Also in Texas, three women were arrested in Hidalgo County and charged with various types of voter fraud. Sylvia Arjona was charged with four counts of unlawful assistance of a voter, Sara Ornelas was charged with three counts of unlawful assistance and Marcela Gutierrez was charged with 10 counts of unlawful assistance and one second-degree felony count of illegal voting.
Visiting Judge Joel Johnson has tossed the results of a May runoff election for justice of the peace in Kleberg County and has ordered that a new election be held. While the evidence ultimately showed that seven of the votes cast in the May 22 runoff election were invalid, Johnson did not declare one of the candidates the winner because there was ultimately no way to prove for whom those individuals voted.
Wisconsin: The State of Wisconsin and the U.S. Department of Justice have reached a settlement over how the state transmit ballots to overseas voters. Under the agreement, regardless of why a voter is overseas—military deployment, foreign service work, because they feel like it—they will now be able to receive their ballot electronically.
VII. Tech Thursday
National Tech: According to an article in The New York Times, eight of the tech industry’s most influential companies — Facebook, Twitter, Amazon, Apple, Google, Oath, Snap and Microsoft — met with U.S. intelligence officials to discuss preparations for the 2018 midterms. The company officials met with Christopher Krebs, an under secretary for the Department of Homeland Security, as well as a representative of the Federal Bureau of Investigation’s newly formed “foreign influence” task force. According to the Times, eople who attended described a tense atmosphere in which the tech companies repeatedly pressed federal officials for information, only to be told — repeatedly — that no specific intelligence would be shared.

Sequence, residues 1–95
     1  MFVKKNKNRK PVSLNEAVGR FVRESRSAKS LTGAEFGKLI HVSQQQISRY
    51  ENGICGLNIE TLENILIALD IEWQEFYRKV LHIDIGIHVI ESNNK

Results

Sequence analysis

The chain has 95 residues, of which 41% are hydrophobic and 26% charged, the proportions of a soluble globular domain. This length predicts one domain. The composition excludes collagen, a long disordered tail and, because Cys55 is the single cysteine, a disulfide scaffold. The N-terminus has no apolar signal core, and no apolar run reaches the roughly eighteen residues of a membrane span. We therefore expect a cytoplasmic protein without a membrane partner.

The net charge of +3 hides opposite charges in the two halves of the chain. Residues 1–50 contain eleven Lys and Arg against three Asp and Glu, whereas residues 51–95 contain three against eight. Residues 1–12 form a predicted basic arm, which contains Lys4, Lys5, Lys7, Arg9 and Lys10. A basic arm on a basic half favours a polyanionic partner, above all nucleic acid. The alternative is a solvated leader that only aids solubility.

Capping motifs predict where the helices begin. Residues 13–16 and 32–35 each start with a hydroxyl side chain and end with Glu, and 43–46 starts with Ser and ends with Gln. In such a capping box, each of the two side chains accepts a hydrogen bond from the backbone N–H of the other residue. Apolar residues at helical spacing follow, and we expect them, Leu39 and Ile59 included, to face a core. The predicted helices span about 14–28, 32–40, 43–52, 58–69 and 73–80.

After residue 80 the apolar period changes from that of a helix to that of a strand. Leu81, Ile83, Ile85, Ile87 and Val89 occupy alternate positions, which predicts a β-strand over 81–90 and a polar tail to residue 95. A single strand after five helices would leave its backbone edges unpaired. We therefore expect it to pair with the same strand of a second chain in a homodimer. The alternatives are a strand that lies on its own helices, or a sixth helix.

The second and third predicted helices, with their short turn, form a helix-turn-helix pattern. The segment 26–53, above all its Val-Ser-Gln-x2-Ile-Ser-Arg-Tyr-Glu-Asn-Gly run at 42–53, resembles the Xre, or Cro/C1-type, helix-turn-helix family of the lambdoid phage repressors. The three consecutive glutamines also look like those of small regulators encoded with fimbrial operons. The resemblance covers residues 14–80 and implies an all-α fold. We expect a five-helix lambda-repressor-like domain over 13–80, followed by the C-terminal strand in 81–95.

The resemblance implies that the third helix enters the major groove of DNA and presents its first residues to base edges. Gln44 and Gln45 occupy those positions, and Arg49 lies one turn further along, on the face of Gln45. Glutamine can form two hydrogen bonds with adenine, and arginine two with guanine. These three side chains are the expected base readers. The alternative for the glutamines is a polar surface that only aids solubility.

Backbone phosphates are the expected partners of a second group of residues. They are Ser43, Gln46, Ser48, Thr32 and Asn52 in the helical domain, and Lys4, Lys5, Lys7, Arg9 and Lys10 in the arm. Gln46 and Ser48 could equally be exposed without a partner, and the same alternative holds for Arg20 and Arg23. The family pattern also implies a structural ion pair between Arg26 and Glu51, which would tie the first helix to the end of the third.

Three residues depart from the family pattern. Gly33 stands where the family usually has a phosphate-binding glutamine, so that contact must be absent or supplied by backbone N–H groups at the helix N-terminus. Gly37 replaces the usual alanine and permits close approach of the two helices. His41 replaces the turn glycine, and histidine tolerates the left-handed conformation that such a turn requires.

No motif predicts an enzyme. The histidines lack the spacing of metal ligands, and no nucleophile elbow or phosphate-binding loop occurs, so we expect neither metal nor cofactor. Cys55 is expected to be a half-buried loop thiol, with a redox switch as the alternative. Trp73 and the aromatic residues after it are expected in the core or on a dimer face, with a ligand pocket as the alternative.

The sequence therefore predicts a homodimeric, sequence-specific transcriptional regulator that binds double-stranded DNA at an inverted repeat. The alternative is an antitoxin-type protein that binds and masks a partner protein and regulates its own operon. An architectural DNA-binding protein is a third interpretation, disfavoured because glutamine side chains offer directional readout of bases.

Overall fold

Illinois: While some elections officials rely heavily on social media, one Illinois county election official will be staying off Facebook on election day for security reasons. “Locally, [the voter file] is not live. We cannot be hacked,” McLean County Clerk Kathy Michael told Illinois News Network. “So the only thing that could disturb a voter is if something gets on social media.” The idea, Michael said, is to make sure hackers can’t use social media to spread false information about closed polls or problems with voting machines.
Louisiana: This week, the secretary of state’s office announced that it will take longer than expected to replace the state’s voting machines. Originally a bidder was expected to be selected this month, but that has been pushed off indefinitely according to the Associated Press.
VIII. Opinions This Week
Arkansas; Voter suppression
Florida: Voting rights
Illinois: McLean County
Louisiana: Voting machines
Massachusetts: Ranked-choice voting
Missouri: Voter fraud
Ohio: SCOTUS ruling
Oklahoma: Early voting
South Carolina: Election security
South Dakota: Voting problems